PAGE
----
In my Master thesis i compare ols regression to regression tree to predict wages.

I thought that i will get better prediction with the regression tree because it cathes more interactions.

But now i get smaller out of sample mse for my ols modell compared to the regression tree model.

How this could be ?


A regression tree is more complicated than a simple regression (assuming the same model).

Complex models do not necessarily outperform simple ones. A simple misspecified model may yield better predictions than a more complex correctly specified one because of the bias-variance tradeoff.

And if your original simple OLS model is already correctly specified, then adding more flexibility by putting it into a regression tree will not reduce the bias (if the OLS model is correctly specified, there is no bias), but it will increase the variance of your parameter estimates, and therefore also of your predictions.

  • $\begingroup$ Thank your for the fast answer. I understand what you mean. But one thing is not clear for me. For my regression tree i run a 10 fold cross validation and get the result i described above. Now i tried a 5 fold cross validation and now the mse of the regression tree is lower compared to the ols mse. How this result can be explained? $\endgroup$ Apr 18 '19 at 12:06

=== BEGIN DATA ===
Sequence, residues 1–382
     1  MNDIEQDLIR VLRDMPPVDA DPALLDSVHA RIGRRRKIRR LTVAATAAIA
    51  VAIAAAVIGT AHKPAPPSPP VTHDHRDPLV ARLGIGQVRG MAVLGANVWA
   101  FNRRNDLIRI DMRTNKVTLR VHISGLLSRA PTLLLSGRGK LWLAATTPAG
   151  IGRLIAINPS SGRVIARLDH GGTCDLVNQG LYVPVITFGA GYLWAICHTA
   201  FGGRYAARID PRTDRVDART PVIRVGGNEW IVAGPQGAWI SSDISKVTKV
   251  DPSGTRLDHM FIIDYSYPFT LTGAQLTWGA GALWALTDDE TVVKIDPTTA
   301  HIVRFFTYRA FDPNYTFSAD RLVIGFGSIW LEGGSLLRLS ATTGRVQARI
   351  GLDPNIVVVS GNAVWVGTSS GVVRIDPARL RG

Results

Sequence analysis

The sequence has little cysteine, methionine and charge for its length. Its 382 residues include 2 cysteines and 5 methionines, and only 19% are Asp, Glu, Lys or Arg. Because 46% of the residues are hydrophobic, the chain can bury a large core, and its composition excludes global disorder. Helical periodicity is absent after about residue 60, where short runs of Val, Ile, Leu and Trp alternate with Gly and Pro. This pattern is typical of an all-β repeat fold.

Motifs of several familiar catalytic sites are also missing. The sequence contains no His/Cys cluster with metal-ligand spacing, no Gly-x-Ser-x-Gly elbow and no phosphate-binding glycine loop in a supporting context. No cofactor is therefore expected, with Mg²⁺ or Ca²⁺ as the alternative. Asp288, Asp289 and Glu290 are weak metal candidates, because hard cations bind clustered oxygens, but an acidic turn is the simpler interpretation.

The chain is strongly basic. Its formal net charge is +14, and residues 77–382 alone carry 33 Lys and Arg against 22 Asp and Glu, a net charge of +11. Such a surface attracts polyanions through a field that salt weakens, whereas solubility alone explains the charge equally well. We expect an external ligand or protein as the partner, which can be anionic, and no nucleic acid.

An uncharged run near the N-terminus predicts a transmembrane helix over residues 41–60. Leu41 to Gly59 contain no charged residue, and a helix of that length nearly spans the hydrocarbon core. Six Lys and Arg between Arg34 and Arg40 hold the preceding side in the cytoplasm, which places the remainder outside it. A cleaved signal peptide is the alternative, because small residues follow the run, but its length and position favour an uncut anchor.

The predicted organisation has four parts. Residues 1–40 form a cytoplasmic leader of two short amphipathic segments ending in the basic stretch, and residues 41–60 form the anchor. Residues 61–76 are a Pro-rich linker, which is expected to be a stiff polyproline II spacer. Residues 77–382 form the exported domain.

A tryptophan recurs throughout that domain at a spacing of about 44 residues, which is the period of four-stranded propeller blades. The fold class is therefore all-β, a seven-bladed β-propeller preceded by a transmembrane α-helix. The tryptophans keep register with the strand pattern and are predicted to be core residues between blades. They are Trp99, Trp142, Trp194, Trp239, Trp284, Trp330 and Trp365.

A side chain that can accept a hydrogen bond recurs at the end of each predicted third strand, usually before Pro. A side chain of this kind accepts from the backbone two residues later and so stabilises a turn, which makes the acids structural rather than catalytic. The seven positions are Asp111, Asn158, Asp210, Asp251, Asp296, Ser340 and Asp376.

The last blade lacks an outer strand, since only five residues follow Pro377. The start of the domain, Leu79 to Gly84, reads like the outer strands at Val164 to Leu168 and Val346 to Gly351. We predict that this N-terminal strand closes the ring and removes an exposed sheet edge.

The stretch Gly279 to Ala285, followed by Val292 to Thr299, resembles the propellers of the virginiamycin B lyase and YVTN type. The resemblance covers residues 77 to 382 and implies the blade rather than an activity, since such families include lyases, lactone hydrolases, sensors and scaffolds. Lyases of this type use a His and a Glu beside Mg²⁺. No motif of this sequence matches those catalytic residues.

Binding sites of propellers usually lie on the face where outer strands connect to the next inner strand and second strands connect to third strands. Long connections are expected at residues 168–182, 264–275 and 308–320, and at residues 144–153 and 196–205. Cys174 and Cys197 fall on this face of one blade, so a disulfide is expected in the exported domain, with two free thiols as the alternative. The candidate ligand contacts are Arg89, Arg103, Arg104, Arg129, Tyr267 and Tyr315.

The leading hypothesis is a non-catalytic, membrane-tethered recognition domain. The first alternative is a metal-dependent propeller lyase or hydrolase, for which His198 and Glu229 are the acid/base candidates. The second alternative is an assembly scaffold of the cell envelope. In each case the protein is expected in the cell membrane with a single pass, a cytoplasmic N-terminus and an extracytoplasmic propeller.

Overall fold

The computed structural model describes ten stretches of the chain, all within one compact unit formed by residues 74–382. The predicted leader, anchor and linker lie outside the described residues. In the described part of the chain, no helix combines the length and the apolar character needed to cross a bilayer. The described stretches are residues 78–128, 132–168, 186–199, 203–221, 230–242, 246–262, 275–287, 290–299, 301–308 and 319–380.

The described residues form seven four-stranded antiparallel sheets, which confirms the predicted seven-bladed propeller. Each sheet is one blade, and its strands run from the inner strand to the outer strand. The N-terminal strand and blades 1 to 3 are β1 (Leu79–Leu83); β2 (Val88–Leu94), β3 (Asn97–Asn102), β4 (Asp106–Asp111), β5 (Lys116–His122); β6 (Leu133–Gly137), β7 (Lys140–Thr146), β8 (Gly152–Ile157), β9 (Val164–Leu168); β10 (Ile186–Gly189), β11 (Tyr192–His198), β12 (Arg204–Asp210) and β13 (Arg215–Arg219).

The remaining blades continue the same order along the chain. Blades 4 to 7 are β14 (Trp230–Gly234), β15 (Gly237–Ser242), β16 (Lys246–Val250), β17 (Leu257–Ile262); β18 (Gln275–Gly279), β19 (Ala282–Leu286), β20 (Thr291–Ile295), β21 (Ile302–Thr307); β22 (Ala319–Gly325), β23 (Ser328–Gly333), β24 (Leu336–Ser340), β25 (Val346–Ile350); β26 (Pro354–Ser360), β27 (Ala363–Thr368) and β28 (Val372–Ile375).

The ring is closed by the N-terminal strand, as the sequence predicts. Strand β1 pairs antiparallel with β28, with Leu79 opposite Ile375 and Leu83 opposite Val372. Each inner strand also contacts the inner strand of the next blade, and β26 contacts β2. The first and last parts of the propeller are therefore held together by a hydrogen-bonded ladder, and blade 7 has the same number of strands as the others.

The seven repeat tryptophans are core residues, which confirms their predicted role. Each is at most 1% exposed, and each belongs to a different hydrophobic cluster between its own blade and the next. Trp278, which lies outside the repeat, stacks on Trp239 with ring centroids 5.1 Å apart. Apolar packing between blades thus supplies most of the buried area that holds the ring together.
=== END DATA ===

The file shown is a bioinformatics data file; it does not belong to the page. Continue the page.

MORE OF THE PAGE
• $\begingroup$ Hm. The MSE should not differ all that much between models chosen by 5 fold or 10 fold CV. How stable are the models your CV chooses? Have you tried re-running each CV multiple times and seeing how stable the models or predictions are in each case? $\endgroup$ Apr 18 '19 at 14:05
  • $\begingroup$ it was code mistake with the results for 10 and 5 k fold cross validation. I accepted your answer because it was helpful. I tried now 100 different seeds and computed 100 models for regression and for ols and computed the mse values for each models and avaregd the mse values over all 100 predictions. The mse values of the regression tree averaged over the 100 predictions is now smaller as the ols mse averaged over the 100 predictions. Is this a good approach to show that regression tree performs better on average ? $\endgroup$ Apr 18 '19 at 22:01
  • $\begingroup$ That sounds good. $\endgroup$ Apr 19 '19 at 10:30

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